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This Day

By now, Facebook is flooded with photographs and recollections. Some heartfelt; others, forced. Twitter is aflutter with tweets and twits. And Google + is, well, I don’t know because I never use it.

And plenty of people are critiquing each other’s sentiments, determining who really deserves to feel the crushing weight of the day’s albatross.

Rationales aside, each of us appropriates this disaster. We do so to determine how far we can remove the deeply-set emotional knife from our chest—until a future time when this day passes with only the slightest sense of a phantom pinprick.

It just takes a flip through old journals to recognize my complicity in this unsettling enterprise—the pages devoted to this day fattened with ribbons and miniature flags, and riddled with clichéd lines like these.

But what can never be captured appropriately are the ways that this day jarred our collective consciousness. Because each American’s life was uprooted from seemingly stable, solid ground. Whether blocks, states, or continents away, we each felt the impacts. And something broke inside us all.

I cannot fathom what those who lost someone experienced. And I cannot know how it felt to be there.

All I can imagine is being a high-schooler in Alabama. Being told by a friend, “The World Trade Center and Pentagon just got attacked. And something happened in Pennsylvania.” Hearing the job fair’s buzzing conversations silenced by the principal’s intercomed order back to class. Rushing to AP Government and Economics and watching the planes crash into the towers, and the towers collapsing.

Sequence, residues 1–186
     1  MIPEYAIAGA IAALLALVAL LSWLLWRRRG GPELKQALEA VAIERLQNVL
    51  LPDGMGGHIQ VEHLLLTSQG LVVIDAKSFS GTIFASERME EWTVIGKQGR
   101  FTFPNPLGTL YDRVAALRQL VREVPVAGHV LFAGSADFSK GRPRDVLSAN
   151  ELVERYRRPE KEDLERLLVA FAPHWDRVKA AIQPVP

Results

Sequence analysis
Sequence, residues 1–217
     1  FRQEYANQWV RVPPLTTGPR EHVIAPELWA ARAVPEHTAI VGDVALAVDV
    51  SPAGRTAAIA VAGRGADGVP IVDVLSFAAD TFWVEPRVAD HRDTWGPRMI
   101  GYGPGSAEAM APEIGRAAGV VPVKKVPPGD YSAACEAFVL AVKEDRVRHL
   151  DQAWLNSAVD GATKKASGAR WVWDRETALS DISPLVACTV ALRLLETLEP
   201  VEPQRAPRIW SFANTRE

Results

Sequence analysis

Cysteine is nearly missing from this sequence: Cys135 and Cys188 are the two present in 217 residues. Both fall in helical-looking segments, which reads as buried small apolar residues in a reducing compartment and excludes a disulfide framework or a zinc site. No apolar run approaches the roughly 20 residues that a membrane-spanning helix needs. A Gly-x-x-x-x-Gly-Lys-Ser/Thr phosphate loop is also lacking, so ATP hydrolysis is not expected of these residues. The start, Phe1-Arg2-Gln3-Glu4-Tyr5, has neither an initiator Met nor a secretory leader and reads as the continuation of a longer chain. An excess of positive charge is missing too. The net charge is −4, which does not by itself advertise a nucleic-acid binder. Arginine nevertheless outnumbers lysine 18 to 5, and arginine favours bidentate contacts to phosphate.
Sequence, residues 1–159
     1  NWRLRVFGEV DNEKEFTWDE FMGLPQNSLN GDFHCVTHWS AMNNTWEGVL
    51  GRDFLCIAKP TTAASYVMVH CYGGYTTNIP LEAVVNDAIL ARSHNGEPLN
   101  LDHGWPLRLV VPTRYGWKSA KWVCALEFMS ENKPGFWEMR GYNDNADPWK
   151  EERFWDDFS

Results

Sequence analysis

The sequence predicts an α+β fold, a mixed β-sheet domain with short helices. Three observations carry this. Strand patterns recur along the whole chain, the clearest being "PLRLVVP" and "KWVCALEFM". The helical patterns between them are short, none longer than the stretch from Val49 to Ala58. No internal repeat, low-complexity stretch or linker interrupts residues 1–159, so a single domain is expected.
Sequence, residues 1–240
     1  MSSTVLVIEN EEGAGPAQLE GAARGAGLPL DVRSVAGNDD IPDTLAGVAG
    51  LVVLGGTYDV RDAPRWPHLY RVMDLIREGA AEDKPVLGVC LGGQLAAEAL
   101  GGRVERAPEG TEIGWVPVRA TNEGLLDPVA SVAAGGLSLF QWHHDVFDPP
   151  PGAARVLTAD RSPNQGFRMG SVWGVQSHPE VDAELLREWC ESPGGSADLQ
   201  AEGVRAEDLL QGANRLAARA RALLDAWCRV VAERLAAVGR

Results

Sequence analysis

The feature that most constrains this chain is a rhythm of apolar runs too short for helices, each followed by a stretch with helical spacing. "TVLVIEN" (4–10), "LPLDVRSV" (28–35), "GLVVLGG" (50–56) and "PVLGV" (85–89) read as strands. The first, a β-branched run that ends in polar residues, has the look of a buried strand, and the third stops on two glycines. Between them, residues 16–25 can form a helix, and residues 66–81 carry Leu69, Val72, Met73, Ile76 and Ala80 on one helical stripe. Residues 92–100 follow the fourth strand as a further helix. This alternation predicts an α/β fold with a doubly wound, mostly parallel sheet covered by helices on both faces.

Over.

And over.

And over.

Answering parents’ panicked calls to the office alongside the overwhelmed secretaries. Retrieving friends from classes to return home. Hearing my Pre-calculus teacher’s sobs in the hallway after learning that her daughter’s plane had been rerouted to Canada—that she was safe. Experiencing the after-school stillness.

Returning patrons’ strained expressions, and hearing the occasional proclamation of the apocalypse while asking, “Paper or plastic?” Sitting and watching the news coverage in silence. Reading the headlines.

Feeling the images burn into memory.

Knowing I’ll never forget.

2 thoughts on “This Day

  1. We were all changed that day, by sorrow, but moreso by the realization that we were not beyond the reach of evil. Until that day, America had been a safe haven but now we saw that we are vulnerable and we are scarred and scared.

    1. Everyone is definitely vulnerable, and it shows how quickly things can change.

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